Comparison of human and machine recognition of everyday human actions.

Jones, Trevor, Lawson, Shaun, Benyon, David and Armitage, Alistair (2007) Comparison of human and machine recognition of everyday human actions. In: Digital Human Modeling. Lecture Notes in Computer Science, 4561 . Springer Berlin / Heidelberg, pp. 120-129. ISBN 978-3-540-73318-8

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The research presented here makes a contribution to the understanding of the recognition of biological motion by comparing human recognition of a set of everyday gestures and motions with machine interpretation of the same dataset. Our reasoning is that analysis of any differences and/or correlations between the two could reveal insights into how humans themselves perceive motion and hint at the most important cues that artificial classifiers should be using to perform such a task. We captured biological motion data from human participants engaged in a number of everyday activities, such as walking, running and waving, and then built two artificial classifiers (a Finite State Machine and a multi-layer perceptron artificial neural network, ANN) which were capable of discriminating between activities. We then compared the accuracy of these classifiers with the abilities of a group of human observers to interpret the same activities when they were presented as moving light displays (MLDs). Our results suggest that machine recognition with ANNs is not only comparable to human levels of recognition but can exceed it in some instances.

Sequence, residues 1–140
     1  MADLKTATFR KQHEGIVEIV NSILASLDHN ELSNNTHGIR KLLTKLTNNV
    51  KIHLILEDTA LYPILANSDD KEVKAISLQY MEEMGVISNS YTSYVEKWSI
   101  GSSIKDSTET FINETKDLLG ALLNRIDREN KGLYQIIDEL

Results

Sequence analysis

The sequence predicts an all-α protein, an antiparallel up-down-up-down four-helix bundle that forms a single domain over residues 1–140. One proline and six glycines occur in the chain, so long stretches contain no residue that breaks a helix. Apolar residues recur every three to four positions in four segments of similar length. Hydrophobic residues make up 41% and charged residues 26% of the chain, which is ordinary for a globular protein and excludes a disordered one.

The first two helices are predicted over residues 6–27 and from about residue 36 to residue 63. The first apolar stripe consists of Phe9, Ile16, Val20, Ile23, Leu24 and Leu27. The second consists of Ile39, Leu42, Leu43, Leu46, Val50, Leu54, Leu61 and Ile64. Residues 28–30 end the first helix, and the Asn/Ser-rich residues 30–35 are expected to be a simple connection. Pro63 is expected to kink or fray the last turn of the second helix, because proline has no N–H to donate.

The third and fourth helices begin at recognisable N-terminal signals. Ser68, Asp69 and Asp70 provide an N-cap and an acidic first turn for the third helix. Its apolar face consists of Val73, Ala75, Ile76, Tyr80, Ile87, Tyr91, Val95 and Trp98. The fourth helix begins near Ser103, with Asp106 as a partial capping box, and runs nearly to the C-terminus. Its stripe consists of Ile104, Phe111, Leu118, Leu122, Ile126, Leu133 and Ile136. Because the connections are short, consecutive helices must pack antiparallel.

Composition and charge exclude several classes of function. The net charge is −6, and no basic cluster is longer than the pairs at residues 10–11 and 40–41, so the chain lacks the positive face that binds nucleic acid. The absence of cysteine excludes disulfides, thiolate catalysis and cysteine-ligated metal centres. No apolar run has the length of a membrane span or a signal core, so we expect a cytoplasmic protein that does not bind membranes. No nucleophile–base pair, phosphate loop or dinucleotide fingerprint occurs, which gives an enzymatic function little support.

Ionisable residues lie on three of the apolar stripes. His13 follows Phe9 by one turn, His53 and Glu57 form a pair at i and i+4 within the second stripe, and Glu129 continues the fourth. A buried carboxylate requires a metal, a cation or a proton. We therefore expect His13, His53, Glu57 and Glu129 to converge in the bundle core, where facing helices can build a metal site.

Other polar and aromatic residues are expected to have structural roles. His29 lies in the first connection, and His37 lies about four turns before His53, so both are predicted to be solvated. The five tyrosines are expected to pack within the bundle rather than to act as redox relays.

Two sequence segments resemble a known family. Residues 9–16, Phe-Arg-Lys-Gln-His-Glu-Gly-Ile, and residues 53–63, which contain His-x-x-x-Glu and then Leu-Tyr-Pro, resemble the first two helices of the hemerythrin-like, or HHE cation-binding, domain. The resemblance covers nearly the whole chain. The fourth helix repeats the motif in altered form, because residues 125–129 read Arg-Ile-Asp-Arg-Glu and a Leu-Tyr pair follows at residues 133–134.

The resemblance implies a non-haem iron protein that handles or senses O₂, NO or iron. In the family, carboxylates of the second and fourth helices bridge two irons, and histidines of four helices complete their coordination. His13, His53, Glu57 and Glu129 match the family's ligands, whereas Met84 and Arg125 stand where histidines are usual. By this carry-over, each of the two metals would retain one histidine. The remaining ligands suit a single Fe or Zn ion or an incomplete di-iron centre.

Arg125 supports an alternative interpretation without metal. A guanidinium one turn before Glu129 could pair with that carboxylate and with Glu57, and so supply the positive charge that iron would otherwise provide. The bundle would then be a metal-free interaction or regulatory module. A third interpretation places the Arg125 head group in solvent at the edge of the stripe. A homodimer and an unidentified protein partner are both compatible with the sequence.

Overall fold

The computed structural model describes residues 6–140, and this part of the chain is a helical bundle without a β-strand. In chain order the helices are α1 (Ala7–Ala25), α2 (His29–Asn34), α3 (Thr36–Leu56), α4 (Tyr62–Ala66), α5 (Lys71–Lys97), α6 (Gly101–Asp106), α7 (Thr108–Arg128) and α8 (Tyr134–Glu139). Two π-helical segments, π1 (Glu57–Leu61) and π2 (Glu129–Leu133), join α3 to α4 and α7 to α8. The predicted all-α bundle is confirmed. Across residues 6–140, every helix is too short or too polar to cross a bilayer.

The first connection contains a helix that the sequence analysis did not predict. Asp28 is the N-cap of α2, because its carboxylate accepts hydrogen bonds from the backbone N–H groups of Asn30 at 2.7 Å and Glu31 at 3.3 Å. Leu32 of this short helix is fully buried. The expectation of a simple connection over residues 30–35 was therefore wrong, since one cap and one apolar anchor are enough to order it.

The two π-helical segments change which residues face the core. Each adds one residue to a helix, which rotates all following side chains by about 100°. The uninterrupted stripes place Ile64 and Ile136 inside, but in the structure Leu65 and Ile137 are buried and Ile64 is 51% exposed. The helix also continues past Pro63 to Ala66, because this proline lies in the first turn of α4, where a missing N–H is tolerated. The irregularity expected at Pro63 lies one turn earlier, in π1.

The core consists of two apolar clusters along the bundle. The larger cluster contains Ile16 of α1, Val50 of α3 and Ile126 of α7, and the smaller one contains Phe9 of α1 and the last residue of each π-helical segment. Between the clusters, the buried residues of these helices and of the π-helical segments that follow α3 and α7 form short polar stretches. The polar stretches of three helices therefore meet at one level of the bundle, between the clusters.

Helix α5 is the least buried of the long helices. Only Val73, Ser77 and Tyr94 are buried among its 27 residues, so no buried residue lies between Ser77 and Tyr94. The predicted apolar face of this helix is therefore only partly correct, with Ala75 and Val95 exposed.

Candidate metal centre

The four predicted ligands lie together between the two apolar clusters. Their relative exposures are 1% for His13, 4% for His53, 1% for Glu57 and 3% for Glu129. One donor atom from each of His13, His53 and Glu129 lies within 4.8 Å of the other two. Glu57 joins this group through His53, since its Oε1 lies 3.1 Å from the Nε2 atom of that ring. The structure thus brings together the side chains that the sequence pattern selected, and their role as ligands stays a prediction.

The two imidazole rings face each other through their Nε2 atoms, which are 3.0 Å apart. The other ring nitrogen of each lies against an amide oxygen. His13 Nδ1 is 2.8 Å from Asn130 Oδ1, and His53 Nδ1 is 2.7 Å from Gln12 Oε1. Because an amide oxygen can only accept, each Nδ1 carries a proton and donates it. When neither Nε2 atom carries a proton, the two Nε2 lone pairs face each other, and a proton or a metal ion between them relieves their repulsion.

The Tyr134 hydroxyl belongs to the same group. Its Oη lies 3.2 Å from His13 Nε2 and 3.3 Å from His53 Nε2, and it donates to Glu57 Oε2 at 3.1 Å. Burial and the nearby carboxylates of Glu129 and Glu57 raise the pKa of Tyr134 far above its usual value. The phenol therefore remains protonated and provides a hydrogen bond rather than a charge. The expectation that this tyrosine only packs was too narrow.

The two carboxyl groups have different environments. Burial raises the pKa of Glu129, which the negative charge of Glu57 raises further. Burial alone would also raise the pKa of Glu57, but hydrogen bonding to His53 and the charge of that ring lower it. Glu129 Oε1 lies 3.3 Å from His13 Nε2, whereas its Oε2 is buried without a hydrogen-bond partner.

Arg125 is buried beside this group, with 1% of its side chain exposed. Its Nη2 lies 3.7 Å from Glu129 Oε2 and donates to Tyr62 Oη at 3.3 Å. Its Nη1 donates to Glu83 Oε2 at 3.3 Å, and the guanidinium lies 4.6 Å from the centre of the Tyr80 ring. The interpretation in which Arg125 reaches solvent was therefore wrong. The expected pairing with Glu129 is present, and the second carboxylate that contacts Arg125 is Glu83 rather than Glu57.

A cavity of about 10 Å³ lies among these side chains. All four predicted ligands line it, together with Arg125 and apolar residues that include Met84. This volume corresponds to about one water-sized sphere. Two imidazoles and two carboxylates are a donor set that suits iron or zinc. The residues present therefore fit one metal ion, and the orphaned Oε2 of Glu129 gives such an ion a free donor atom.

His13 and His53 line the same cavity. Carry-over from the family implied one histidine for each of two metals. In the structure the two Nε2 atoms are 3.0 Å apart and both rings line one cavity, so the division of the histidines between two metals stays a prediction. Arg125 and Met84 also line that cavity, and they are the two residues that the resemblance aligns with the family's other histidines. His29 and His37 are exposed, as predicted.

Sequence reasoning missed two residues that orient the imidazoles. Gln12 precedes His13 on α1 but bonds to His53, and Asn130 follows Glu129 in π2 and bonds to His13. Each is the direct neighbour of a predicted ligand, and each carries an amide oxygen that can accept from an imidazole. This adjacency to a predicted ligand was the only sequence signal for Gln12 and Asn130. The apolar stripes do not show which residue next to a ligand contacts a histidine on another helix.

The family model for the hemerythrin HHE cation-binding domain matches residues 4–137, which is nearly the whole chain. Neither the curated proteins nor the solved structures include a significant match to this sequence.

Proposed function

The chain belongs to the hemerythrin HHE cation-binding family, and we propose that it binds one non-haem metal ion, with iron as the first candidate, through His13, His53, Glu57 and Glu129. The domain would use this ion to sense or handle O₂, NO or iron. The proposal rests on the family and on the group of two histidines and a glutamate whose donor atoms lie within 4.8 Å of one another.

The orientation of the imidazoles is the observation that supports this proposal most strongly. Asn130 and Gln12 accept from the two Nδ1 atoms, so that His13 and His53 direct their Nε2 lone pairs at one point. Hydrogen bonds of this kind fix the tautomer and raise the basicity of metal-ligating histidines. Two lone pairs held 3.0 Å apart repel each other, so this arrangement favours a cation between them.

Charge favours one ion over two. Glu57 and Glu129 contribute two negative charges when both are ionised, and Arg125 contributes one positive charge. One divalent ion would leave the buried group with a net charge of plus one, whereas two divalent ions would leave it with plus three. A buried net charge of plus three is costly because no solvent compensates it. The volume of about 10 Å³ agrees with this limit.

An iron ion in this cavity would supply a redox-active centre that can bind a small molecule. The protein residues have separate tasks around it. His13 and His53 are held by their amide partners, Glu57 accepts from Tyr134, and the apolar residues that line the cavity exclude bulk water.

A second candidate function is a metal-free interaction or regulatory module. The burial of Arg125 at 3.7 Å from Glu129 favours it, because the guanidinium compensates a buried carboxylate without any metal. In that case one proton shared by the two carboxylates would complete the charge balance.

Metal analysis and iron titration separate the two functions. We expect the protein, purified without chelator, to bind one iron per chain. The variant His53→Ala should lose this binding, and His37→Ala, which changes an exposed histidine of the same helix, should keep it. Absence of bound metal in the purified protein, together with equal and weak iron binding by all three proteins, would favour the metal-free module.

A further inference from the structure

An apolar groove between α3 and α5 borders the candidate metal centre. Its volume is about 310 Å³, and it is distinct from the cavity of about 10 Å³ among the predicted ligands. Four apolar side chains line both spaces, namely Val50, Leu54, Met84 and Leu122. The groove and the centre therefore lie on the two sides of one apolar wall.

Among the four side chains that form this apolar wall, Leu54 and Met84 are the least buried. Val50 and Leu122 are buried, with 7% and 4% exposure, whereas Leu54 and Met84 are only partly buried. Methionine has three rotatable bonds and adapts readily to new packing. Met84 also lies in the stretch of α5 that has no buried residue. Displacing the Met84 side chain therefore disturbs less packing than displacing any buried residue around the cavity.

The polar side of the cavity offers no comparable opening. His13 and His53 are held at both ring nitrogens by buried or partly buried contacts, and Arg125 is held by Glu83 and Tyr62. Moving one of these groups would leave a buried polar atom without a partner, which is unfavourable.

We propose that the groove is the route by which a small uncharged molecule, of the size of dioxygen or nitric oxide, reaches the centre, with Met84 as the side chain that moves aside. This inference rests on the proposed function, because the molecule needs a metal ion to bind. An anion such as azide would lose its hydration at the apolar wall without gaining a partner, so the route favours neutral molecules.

Item Type: Book Section
ISBN: 978-3-540-73318-8
Electronic ISBN: 978-3-540-73321-8
Additional Information: publisher's link:
Uncontrolled Keywords: Neural network; finite state machine; moving light display; human biological motion;
University Divisions/Research Centres: Faculty of Engineering, Computing and Creative Industries > School of Computing
Dewey Decimal Subjects: 000 Computer science, information & general works > 000 Computer science, knowledge & systems > 004 Data processing & computer science
Library of Congress Subjects: Q Science > QA Mathematics > QA75 Electronic computers. Computer science
Item ID: 3755
Depositing User: Computing Research
Date Deposited: 29 Jun 2010 08:38
Last Modified: 12 Dec 2013 11:23

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